1967 - The President's Commission on Law Enforcement and Administration of Justice recommends the establishment of a nationwide single number for the purpose of reporting emergencies. An early proposal, called for a different phone number for each type of emergency, but that idea was struck down because it contradicted the purpose of a single, universal number. Several politicians and government agencies expressed interest and the Federal Communications Commission is consulted for a resolve.
November, 1967 - AT&T and the FCC meet to discuss the rapid introduction of a nationwide emergency number.
1968 - AT&T announces 9-1-1 as the nationwide emergency number. 9-1-1 was chosen because it is easily remembered and at the time no area codes or office codes used it. Congress agrees with AT&T and passes a bill which reserves the number for nationwide use. The cost of updating telephone company equipment is offset by a fee included into a phone subscriber's base rate.
February 16, 1968 - Alabama Telephone Company becomes the first telephone service to implement 9-1-1. Senator Rankin Fite dials the first 9-1-1 call from a phone in Haleyville, Al.
1970 - The city of Columbia first considers a 9-1-1 system.
1972 - A 9-1-1 system is implemented for Columbia dialing prefixes only.
Early 1970s - Alameda County, California becomes the testing location for a new pilot program introduced by AT&T called "selective call routing". This is the beginning of Enhanced 9-1-1.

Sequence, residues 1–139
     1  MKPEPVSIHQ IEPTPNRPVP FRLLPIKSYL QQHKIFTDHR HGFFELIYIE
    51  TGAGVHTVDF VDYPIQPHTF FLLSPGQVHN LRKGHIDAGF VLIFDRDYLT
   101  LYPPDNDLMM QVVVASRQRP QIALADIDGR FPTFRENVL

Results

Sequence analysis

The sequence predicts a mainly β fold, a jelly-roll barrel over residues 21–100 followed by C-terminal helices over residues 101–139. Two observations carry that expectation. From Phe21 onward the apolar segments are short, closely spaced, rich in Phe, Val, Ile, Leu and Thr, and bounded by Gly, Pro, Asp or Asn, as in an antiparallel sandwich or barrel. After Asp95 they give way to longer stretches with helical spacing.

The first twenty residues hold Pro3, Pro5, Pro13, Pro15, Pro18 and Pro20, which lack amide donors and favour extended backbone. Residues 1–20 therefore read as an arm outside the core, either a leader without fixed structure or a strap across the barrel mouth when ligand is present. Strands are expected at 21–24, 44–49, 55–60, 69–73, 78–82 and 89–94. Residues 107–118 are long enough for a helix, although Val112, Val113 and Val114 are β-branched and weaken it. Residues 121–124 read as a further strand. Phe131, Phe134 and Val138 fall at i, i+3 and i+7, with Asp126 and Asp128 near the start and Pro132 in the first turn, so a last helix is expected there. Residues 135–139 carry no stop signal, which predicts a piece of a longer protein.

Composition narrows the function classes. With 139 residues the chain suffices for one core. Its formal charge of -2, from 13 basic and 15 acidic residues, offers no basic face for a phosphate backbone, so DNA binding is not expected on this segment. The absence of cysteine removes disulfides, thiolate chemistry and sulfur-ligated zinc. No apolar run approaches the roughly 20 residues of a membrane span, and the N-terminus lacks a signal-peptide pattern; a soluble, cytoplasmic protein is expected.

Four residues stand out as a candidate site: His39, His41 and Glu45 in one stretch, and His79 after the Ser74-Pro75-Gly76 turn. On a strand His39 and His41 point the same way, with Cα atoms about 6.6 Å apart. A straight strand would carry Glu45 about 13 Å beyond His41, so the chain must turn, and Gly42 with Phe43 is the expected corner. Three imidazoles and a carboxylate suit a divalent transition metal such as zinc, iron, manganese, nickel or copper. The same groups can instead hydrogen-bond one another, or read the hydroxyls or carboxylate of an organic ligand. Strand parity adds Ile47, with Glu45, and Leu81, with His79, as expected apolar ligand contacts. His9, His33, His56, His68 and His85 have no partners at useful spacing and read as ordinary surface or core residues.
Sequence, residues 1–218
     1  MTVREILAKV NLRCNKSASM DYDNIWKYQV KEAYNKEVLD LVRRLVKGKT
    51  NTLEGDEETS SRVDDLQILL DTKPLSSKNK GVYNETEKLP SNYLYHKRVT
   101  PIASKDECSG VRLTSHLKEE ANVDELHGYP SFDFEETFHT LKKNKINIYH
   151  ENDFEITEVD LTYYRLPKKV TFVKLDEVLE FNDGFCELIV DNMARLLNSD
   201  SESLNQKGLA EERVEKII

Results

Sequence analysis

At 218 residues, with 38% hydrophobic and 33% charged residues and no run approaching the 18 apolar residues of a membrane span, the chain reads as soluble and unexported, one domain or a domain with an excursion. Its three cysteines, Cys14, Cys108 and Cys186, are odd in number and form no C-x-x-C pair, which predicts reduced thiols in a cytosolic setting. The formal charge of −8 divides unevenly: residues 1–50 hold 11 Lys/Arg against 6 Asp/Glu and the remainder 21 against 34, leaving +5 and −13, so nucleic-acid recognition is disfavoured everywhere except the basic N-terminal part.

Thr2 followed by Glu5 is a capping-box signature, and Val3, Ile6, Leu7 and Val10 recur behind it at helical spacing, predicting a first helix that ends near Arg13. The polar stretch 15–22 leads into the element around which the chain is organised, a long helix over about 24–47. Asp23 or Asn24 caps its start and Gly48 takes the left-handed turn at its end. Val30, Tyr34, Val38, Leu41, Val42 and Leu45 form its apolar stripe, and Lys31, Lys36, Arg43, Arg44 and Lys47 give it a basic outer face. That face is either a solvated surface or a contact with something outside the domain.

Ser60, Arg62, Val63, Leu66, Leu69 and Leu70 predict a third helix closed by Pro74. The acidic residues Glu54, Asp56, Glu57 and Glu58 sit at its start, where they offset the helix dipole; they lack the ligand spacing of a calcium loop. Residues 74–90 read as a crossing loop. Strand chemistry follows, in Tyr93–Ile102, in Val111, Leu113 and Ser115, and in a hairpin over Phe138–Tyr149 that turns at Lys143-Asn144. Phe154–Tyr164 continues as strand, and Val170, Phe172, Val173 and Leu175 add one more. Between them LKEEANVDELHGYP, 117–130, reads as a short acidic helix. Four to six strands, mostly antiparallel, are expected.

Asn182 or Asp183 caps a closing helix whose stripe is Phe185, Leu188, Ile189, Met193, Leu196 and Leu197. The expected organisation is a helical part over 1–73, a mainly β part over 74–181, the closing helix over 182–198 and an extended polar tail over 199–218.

1976 - More than one quarter of the United States has 9-1-1 service. Nine states have legislation enacted for the emergency number. Seventy new 9-1-1 centers a year are being established.
1986 - 9-1-1 service is extended to all of Boone County. Enhanced 9-1-1 is installed allowing every 9-1-1 call placed from a phone in Boone County to be traced to the location from which it originated.
1987 - 59% of the United States has 9-1-1 service.
1987 - Canada creates its own nationwide emergency number service and adopts 911 as well.
Today - About 95% of the United States has 9-1-1 access. Of that number, 95% of the 9-1-1 service is enhanced (selective call routing with number and location identification).
Tomorrow - Legislation is already passed in many states requiring cell phones to be compliant with local indexes for the enhanced 9-1-1 system by 2004. This means any cellular telephone that dials 9-1-1 should be able to identify its number to the system and be located within a hundred yards or less.